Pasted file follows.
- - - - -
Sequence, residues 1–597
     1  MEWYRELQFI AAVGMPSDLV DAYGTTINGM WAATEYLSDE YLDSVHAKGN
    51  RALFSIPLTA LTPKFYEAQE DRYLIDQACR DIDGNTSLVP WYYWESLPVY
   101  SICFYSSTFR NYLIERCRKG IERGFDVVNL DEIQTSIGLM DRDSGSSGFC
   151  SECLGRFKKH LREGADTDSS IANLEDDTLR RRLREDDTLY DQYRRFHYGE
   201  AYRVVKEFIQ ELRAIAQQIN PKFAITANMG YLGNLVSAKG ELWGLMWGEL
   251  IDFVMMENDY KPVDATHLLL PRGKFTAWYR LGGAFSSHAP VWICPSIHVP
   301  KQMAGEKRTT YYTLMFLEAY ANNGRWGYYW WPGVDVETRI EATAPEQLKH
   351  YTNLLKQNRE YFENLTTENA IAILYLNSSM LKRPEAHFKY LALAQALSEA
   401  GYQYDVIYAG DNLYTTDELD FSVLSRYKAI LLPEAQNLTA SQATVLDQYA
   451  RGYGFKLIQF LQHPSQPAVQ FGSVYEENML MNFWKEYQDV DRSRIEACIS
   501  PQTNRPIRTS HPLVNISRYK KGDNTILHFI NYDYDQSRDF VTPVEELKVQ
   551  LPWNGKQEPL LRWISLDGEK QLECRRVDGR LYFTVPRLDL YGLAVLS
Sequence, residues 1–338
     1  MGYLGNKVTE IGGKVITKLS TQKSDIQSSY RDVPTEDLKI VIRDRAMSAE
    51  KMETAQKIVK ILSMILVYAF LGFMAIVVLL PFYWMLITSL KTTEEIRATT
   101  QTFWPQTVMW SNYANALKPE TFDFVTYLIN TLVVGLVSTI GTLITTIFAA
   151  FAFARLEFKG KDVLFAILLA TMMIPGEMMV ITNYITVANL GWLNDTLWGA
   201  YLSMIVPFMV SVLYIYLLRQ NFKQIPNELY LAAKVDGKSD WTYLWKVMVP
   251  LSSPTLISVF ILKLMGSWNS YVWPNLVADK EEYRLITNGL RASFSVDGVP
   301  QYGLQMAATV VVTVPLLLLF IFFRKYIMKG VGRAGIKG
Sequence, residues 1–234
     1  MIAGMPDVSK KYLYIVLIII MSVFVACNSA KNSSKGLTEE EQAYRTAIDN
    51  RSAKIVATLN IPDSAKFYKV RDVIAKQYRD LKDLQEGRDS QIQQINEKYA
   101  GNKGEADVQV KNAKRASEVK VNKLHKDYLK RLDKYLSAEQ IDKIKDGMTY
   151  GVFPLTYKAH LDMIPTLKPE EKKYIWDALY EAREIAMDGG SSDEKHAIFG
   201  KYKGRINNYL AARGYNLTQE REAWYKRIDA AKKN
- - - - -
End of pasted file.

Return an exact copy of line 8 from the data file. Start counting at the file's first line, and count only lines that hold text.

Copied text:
   301  KQMAGEKRTT YYTLMFLEAY ANNGRWGYYW WPGVDVETRI EATAPEQLKH